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The People of the State of Illinois v. Ronnie Grant

February 7, 2013


The opinion of the court was delivered by: Justice Freeman

JUSTICE FREEMAN delivered the judgment of the court, with opinion.

Chief Justice Kilbride and Justices Thomas, Garman, Karmeier, Burke, and Theis concurred in the judgment and opinion.


¶ 1 After a stipulated bench trial, the circuit court of Cook County found defendant Ronnie Grant guilty of Class 4 possession of cocaine and sentenced him to three years' imprisonment. On appeal, defendant argued police lacked probable cause to arrest him, and the circuit court erred in denying his motion to quash arrest and suppress evidence. A divided appellate court agreed, and reversed defendant's conviction and vacated his sentence. 2011 IL App (1st) 091107. We allowed the State's petition for leave to appeal, and now reverse the judgment of the appellate court.


¶ 3 Defendant's conviction arose from his 2008 arrest for soliciting unlawful business on a public way, a municipal offense. Chicago Municipal Code §10-8-515 (added Apr. 1, 1998). After his arrest, defendant was initially charged with possession of less than 15 grams of cocaine, possession of cannabis, and soliciting unlawful business. Subsequently, in a two-count information, the State formally charged him with possession of cocaine with intent to deliver within 1,000 feet of a Chicago Housing Authority (CHA) building (count I), and possession of cocaine with intent to deliver (count II).

¶ 4 Prior to trial, defendant moved to quash his arrest and suppress evidence. At the hearing on the motion, Chicago police officer Stephen Hefel testified as the only witness. At about 11 p.m. on November 29, 2008, Hefel was one of several officers involved in a narcotics suppression mission. He was in the front passenger seat of an unmarked car, the first of two police vehicles traveling west on Fifth Avenue in Chicago. From a distance of about 100 to 150 feet, Hefel spotted defendant standing at the entrance of a CHA building, in an area known as a "highly used narcotics sales spot." Hefel testified that this particular area was known as "the weed spot." When Hefel was about 20 to 25 feet from defendant, he "specifically observed" defendant yelling "dro, dro" to a passing vehicle. According to Hefel, who was familiar with terms used in the sale of narcotics, "dro, dro" is "basically said for the sale of cannabis." Hefel explained that he had been a police officer for nearly three years, had made "[a] couple hundred" narcotics arrests, and had learned the meaning of "dro, dro" from "numerous" past arrestees. Hefel testified further that after observing defendant yell "dro, dro," he conferred with the other two officers in his car. The three of them agreed that "that's what he said," and determined they would detain defendant.

¶ 5 Hefel's car pulled up to a spot a few feet from defendant, who looked in the officers' direction but did not run. "Basically it was as if he just froze." The three officers exited the car and arrested defendant for solicitation of unlawful business. Hefel acknowledged that defendant had nothing in his hands, and Hefel did not see defendant drop anything. Hefel also acknowledged he did not observe defendant involved in any narcotics sales. A custodial search of defendant recovered four plastic bags containing a green leafy substance the officers believed to be cannabis. Defendant was then taken to the police station, where a second custodial search recovered a plastic bag from defendant's rear waistband. That bag contained four smaller bags of a white rock-like substance believed to be cocaine. Police also recovered $160. Hefel acknowledged they did not have an arrest warrant or a search warrant.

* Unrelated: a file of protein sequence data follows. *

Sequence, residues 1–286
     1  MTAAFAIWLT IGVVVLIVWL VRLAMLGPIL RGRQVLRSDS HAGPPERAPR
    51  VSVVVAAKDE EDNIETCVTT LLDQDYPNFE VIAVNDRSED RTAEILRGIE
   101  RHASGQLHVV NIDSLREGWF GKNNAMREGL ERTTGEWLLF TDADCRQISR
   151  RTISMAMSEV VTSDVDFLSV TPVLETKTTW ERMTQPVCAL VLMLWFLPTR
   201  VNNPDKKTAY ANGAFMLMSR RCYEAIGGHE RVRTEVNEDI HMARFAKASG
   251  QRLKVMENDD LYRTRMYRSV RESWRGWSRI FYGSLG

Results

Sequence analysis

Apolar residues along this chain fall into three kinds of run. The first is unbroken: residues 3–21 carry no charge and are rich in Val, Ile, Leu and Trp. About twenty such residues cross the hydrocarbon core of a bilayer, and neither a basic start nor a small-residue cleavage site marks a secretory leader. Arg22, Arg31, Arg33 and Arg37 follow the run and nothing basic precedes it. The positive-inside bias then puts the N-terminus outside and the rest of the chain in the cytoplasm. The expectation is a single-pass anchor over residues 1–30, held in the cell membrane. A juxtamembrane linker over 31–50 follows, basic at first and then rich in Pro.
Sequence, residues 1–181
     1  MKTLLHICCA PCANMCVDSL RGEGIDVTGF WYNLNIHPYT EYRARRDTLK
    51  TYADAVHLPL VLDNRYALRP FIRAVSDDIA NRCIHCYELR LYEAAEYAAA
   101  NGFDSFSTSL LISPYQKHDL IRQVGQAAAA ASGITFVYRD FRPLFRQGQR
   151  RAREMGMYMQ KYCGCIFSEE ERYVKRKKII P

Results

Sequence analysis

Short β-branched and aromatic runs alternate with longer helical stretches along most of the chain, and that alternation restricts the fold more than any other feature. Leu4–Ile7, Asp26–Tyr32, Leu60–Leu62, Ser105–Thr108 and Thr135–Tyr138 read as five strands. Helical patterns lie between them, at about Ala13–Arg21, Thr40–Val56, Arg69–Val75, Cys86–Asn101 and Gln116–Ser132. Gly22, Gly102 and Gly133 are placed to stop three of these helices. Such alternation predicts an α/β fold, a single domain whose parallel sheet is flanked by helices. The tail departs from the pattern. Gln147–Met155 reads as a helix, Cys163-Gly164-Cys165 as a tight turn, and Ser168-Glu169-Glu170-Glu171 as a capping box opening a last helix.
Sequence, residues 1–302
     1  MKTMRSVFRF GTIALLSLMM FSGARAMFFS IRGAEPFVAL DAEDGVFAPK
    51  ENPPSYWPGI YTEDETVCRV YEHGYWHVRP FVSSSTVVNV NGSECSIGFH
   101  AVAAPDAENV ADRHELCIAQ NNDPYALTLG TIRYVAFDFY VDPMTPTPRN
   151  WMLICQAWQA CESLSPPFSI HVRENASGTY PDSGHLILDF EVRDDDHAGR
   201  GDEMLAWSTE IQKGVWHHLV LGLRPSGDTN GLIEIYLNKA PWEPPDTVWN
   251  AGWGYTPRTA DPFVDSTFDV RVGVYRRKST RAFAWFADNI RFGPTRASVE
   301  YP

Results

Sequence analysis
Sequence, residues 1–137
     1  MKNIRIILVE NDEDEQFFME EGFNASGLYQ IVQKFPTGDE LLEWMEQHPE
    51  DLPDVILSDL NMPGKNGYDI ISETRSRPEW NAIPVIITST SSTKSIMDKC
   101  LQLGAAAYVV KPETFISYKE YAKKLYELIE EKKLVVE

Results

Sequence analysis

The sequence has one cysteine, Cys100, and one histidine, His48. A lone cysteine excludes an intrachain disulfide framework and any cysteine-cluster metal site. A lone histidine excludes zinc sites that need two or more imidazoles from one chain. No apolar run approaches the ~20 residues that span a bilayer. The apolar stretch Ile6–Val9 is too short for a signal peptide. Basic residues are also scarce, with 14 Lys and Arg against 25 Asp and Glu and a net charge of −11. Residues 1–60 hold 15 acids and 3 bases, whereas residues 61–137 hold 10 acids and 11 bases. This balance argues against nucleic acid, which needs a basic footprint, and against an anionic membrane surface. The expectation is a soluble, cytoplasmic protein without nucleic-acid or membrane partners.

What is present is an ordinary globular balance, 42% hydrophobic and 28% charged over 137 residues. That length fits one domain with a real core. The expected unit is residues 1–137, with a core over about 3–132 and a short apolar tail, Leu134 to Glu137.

¶ 6 Defendant argued the police lacked probable cause that he violated the city ordinance and their search incident to arrest was unwarranted. The circuit court disagreed and denied defendant's motion. The court found Officer Hefel testified "credibly," noting in particular his three years' experience as a police officer and his "numerous narcotics arrests." The court also noted that defendant was in a "high narcotic[s] area" when he was detained.

¶ 7 The State dismissed count I of the information, and removed the intent language from count II. The case then proceeded to a stipulated bench trial on the amended charge of possession of a controlled substance. In addition to Hefel's testimony, the parties stipulated to the chain of custody of the four bags believed to contain cocaine, and to the results of the crime lab analysis that one of the bags tested positive for less than 0.1 grams of cocaine and the total estimated weight of all four bags was 0.3 grams. Defendant was found guilty of Class 4 possession of cocaine (720 ILCS 570/402(c) (West 2008)) and sentenced to three years' imprisonment. On appeal, the appellate court majority reversed the denial of defendant's motion to quash and suppress, concluding the facts elicited from Officer Hefel did not constitute probable cause that defendant violated the city ordinance. 2011 IL App (1st) 091107, ¶¶ 34-35, 37. There was thus no probable cause to support defendant's warrantless arrest. Id. ¶ 35. The court also reversed defendant's conviction outright because "[w]ithout the evidence that should have been suppressed, the State cannot prove the defendant's guilt." Id. ¶ 37.


¶ 9 Section 10-8-515 of the Chicago Municipal Code, titled

"Soliciting unlawful business," provides, in pertinent part:

"(a) No person may: (i) stand upon, use or occupy the public way to solicit any unlawful business; or (ii) interfere with or impede any pedestrian or anyone in a vehicle on the public way, ...

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